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Jeremiah Weinstock Department of Psychology, Saint Louis University, St. Louis, MO, USA

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David Ledgerwood Department of Psychiatry & Behavioral Neurosciences, Wayne State University, Detroit, MI, USA

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Dr. Nancy M. Petry passed away due to metastatic breast cancer on July 17, 2018, at the age of 49. Her loss will be regretted by many, both personally and in our scientific field.

Nancy received her bachelor’s degree from Randolph-Macon College in Lynchburg, Virginia, and her PhD from Harvard University. She went on to complete a post-doctoral fellowship at University of Vermont, and became a faculty member at University of Connecticut School of Medicine in 1996. Nancy’s highly innovative research quickly distinguished her as a trailblazer in the addictions field, and she became the youngest full professor with tenure in the history of University of Connecticut Medical School at the age of 34. Throughout her career, she was continuously funded by the National Institutes of Health and other agencies, obtaining over $40 million in grant funding.

Nancy’s scientific contributions over her 22-year career reshaped the field of addiction both in its conceptualization and treatment. Her work was characterized by scientific rigor, clarity of thought, and a writing style that separated the wheat from the chaff. Her first major contribution was the development of prize-based contingency management, a behavioral substance use disorder intervention that reinforces completion of a target behavior (e.g., drug abstinence). Numerous clinical trials demonstrated that it is a robust and adaptable treatment approach. It is now disseminated and implemented around the world leading to improved treatment outcomes for individuals suffering from various substance use disorders.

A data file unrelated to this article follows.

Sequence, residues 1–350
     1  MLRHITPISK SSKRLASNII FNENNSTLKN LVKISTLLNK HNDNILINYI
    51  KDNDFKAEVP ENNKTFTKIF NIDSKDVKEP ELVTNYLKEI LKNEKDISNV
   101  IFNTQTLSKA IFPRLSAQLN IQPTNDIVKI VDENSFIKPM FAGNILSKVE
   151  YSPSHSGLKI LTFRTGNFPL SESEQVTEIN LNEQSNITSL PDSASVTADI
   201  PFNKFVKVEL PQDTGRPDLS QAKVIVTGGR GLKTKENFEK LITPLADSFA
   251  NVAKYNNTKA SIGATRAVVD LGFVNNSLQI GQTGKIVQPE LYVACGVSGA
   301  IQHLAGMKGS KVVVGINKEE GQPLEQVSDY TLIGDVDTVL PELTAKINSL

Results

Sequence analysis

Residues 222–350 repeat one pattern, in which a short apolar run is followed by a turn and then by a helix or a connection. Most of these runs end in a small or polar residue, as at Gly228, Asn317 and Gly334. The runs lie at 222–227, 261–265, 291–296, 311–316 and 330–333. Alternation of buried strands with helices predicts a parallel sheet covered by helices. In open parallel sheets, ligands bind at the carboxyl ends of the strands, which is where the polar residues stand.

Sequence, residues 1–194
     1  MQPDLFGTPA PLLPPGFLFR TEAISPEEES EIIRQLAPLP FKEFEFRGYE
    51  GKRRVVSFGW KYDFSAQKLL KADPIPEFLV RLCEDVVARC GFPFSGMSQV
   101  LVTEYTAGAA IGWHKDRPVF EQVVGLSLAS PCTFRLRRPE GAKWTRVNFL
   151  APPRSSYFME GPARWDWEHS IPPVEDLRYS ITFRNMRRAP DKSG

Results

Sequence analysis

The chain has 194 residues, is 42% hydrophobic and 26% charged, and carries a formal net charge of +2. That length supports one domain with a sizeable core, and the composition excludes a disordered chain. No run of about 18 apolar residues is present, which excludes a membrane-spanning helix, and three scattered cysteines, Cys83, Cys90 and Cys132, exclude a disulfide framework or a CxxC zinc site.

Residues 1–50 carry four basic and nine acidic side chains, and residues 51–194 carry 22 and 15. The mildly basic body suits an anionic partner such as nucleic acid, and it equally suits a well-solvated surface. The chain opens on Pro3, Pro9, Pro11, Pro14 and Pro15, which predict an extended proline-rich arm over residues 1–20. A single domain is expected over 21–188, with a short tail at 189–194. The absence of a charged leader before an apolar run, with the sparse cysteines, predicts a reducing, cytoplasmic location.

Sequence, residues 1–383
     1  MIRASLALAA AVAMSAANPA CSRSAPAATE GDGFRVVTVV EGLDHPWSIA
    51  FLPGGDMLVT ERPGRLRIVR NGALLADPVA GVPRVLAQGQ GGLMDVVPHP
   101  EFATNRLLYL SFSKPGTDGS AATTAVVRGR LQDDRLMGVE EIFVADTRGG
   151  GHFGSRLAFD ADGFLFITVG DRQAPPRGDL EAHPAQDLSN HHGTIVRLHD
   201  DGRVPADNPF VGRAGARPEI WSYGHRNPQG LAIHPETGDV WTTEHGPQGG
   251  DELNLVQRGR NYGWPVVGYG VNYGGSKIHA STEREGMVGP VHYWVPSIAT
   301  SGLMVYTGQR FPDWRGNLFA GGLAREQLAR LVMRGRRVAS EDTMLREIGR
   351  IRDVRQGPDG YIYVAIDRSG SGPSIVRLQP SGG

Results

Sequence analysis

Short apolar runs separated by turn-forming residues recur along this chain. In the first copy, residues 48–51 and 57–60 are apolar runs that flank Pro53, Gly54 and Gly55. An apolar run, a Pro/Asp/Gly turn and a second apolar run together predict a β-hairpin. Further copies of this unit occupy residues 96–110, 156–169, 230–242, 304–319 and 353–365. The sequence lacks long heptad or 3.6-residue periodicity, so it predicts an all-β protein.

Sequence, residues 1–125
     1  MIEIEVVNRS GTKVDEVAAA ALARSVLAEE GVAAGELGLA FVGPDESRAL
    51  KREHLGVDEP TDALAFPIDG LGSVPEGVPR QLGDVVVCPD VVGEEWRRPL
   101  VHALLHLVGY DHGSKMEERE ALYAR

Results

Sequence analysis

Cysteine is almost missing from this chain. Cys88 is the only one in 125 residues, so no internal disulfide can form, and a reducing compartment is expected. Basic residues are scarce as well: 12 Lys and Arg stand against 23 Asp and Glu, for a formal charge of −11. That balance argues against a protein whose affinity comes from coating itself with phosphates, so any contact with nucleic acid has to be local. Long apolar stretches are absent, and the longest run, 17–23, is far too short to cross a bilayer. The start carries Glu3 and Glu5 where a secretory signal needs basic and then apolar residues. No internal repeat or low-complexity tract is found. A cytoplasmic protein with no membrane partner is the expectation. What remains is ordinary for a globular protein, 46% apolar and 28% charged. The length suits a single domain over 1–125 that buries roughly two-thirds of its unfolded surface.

Another major contribution was in the arena of gambling disorder. She applied her behaviorist theoretical orientation to understand the disorder and its treatment. She conducted several seminal clinical trials, demonstrating efficacy of cognitive behavioral therapy for the treatment of gambling disorder. She was also among the first to examine mechanisms of gambling disorder, exploring constructs such as discounting of delayed rewards. Moreover, as a member of the DSM-5 work group on substance-related disorders, she led the effort to reclassify gambling disorder as an addiction. It is the first behavioral addiction recognized within the psychiatric nosology. More recently, she turned her attention to Internet gaming disorder, another behavioral addiction that is likely to be included in the next revision of the DSM-5. Once again, Nancy was ahead of the curve. She convened an international panel to discuss its diagnostic formulation and to review the evidence for its validity. From there, she wasted little time in modifying and adapting a behavioral treatment to test its efficacy in treating the disorder. In summary, Nancy was constantly pushing the field forward, expanding our understanding of what it means to be diagnosed with an addiction and enhancing best practices in its treatment. Below is a list of some of her most influential work selected from over 300 academic publications, including three books.